Changes in the GLUT4 Expression by Acute Exercise, Exercise Training and Detraining in Experimental ModelsAlexandre M Lehnen1,2, Kátia De Angelis3, Melissa Medeiros Markoski1 and Beatriz D´Agord Schaan1,2*
1Laboratório de Experimentação Animal e Laboratório de Cardiologia Molecular e Celular do Instituto de Cardiologia do RS/Fundação Universitária de Cardiologia do Rio Grande do Sul, Porto Alegre, Brasil
- *Corresponding Author:
- Beatriz D´Agord Schaan
Serviço de Endocrinologia
Hospital de Clínicas de Porto Alegre, Centro de Pesquisas
4° andar, Av. Ramiro Barcelos, 2350
Santa Cecília, 90035-903 Porto Alegre – RS Brasil
E-mail: [email protected]
Received date June 15, 2012; Accepted date July 17, 2012; Published date July 21, 2012
Citation: Lehnen AM, Angelis KD, Markoski MM, Schaan BDA (2012) Changes in the GLUT4 Expression by Acute Exercise, Exercise Training and Detraining in Experimental Models. J Diabetes Metab S10:002. doi:10.4172/2155-6156.S10-002
Copyright: © 2012 Lehnen AM, et al. This is an open-access article distributed under the terms of the Creative Commons Attribution License, which permits unrestricted use, distribution, and reproduction in any medium, provided the original author and source are credited.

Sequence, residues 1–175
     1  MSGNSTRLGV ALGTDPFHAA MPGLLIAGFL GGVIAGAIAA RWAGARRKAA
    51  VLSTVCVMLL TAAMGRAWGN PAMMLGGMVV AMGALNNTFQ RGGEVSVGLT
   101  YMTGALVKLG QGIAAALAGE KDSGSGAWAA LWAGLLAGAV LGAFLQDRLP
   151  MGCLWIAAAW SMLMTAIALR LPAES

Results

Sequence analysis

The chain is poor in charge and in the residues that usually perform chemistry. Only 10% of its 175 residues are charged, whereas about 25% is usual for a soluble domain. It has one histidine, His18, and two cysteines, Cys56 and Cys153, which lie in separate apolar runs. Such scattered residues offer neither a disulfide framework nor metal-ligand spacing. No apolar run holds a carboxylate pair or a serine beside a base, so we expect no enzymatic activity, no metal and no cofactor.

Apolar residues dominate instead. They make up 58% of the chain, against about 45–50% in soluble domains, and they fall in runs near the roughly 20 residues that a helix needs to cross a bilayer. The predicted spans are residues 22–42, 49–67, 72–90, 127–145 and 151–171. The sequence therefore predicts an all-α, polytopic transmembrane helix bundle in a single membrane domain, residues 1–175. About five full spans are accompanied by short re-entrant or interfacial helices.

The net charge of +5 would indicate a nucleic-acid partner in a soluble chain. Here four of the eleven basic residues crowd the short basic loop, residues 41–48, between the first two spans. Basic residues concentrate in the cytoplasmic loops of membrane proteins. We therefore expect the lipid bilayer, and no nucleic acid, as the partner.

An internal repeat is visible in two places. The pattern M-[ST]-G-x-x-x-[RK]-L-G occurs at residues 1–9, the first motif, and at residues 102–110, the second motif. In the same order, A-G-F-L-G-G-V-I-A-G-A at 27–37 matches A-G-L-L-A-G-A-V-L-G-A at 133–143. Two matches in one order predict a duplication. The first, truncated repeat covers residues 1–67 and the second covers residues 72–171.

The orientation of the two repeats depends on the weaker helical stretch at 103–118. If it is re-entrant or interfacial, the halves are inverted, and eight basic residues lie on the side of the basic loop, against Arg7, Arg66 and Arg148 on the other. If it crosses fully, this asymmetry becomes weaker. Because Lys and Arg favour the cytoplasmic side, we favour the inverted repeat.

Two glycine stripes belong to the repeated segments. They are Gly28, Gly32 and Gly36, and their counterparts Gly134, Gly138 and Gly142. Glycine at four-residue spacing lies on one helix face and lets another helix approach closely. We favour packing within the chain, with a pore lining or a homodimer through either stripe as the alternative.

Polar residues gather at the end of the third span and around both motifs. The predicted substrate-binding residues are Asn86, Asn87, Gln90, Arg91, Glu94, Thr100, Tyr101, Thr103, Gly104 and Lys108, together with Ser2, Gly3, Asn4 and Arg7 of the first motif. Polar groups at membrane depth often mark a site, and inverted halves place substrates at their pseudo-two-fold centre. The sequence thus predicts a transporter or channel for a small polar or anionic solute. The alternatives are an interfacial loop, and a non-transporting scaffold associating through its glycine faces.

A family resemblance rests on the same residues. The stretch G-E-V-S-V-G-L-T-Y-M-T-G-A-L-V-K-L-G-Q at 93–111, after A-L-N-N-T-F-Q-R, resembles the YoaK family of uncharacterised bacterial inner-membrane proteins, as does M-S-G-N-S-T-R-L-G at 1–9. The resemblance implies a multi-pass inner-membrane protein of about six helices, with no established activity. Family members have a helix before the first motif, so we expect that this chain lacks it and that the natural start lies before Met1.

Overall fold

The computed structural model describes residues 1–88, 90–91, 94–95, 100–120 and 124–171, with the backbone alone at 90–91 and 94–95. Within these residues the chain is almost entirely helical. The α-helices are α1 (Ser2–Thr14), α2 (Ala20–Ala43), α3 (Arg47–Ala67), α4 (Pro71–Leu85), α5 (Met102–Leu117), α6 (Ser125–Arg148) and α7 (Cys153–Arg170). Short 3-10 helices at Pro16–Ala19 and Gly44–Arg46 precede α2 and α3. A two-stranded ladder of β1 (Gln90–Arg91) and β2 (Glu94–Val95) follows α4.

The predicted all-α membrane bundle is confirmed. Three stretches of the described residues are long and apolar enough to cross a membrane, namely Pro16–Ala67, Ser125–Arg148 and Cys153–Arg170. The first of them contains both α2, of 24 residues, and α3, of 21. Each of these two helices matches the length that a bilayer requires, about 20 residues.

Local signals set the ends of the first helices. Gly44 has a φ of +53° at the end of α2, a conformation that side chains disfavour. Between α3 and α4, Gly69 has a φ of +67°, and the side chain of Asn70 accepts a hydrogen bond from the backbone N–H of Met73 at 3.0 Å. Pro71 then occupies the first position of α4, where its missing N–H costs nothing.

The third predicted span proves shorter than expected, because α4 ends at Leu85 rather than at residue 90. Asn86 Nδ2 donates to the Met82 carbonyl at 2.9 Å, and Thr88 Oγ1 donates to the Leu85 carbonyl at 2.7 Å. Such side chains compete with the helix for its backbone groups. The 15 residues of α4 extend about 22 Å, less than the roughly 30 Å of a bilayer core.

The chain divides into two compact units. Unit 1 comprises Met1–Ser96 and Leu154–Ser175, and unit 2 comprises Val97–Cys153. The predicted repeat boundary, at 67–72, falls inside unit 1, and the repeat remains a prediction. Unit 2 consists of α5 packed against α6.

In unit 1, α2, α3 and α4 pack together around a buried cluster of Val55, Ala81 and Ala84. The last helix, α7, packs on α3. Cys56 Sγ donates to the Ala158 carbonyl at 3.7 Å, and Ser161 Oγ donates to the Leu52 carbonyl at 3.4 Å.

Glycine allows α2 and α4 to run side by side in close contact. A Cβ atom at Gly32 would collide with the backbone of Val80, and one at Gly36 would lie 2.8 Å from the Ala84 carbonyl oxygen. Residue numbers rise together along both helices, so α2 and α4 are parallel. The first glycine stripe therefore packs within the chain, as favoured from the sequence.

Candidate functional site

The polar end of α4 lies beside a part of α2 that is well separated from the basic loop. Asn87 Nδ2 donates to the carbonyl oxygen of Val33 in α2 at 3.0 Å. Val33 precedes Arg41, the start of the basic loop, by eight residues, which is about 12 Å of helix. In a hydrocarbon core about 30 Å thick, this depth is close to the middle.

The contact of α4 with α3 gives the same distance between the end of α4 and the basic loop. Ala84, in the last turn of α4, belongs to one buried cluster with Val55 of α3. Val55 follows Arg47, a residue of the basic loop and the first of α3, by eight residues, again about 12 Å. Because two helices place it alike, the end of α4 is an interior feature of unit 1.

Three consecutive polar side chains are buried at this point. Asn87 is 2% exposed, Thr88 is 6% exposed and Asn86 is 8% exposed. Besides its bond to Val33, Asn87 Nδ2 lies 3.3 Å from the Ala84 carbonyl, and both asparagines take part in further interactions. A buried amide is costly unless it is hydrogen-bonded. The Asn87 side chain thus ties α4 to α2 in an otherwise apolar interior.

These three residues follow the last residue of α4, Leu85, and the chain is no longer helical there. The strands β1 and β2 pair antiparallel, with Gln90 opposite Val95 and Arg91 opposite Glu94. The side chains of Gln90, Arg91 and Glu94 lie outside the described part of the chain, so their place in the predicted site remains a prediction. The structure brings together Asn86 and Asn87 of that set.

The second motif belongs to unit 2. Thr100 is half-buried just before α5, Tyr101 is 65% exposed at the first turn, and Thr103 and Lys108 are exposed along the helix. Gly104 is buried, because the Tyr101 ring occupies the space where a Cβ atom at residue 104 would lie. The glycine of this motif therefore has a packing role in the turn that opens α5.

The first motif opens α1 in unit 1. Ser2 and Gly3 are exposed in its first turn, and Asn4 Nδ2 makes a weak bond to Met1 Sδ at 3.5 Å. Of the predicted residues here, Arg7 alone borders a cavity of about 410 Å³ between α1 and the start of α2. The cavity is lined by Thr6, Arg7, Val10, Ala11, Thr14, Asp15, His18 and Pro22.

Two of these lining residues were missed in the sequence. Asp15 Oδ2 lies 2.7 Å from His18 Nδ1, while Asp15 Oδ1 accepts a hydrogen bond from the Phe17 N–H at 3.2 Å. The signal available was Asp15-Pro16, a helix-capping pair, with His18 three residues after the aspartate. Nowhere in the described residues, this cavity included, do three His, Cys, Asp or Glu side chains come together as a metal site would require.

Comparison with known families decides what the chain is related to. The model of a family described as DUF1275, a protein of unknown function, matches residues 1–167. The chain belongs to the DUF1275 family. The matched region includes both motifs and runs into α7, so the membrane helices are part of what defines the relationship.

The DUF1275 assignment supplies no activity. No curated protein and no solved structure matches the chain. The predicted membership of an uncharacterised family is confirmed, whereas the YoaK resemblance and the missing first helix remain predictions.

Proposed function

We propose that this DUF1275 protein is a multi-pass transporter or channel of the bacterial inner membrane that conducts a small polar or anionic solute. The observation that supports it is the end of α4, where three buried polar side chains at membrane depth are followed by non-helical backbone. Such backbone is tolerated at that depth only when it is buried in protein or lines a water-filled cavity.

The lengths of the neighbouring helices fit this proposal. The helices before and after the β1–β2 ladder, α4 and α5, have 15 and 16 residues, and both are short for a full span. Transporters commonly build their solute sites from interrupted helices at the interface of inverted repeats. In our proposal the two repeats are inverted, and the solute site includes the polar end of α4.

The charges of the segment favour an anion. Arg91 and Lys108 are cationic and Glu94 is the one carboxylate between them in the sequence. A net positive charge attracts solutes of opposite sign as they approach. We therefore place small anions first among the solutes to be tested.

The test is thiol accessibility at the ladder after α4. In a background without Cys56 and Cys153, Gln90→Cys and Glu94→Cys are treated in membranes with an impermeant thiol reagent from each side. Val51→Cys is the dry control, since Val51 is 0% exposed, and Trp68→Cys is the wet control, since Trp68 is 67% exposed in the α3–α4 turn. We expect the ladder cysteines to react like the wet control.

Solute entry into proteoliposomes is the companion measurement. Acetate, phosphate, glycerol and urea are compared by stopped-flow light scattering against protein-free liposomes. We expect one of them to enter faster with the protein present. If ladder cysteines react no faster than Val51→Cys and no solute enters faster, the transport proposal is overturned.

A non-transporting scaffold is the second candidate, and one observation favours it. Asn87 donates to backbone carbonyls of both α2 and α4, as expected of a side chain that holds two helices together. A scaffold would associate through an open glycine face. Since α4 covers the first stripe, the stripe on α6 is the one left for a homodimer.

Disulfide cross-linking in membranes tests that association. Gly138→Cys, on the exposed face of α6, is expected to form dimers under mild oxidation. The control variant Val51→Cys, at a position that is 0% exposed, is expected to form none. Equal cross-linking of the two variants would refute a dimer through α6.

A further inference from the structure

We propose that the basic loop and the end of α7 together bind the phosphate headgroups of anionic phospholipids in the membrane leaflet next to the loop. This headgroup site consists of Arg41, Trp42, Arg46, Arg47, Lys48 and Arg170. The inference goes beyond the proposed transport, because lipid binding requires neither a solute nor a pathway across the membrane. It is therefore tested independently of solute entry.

There is a direct correlation between an increase in insulin sensitivity and increased cell surface GLUT4 content. Acute exercise promotes glucose-transport stimulation that is independent of AMPK and CaMKII insulin-signaling. In turn, post-exercise glucose uptake occurs through changes in components of the insulin signaling cascade involving alterations in downstream mediators such as TBC1D1, TBC1D4/AS160 and p38 MAPK. However, the effects of acute exercise can be reversed within 18–24 hours and appear to be dependent on muscle glycogen levels. Exercise training results in adaptations that facilitate insulin-mediated glucose uptake and are regulated by different mechanisms. It leads to changes in gene expression and greater blood flow and signaling and changes in GLUT4 protein exocytosis and endocytosis. But when exercise training is discontinued GLUT4 tend to return to baseline levels. We have demonstrated in our laboratory that one-week detraining is sufficient to reduce GLUT4 in the heart and adipocytes while this same effect was seen in the gastrocnemius muscle within 2 weeks of training. The present study aimed to review how acute exercise, exercise training, and detraining affect mainly GLUT4 translocation to the insulin-sensitive cell surface.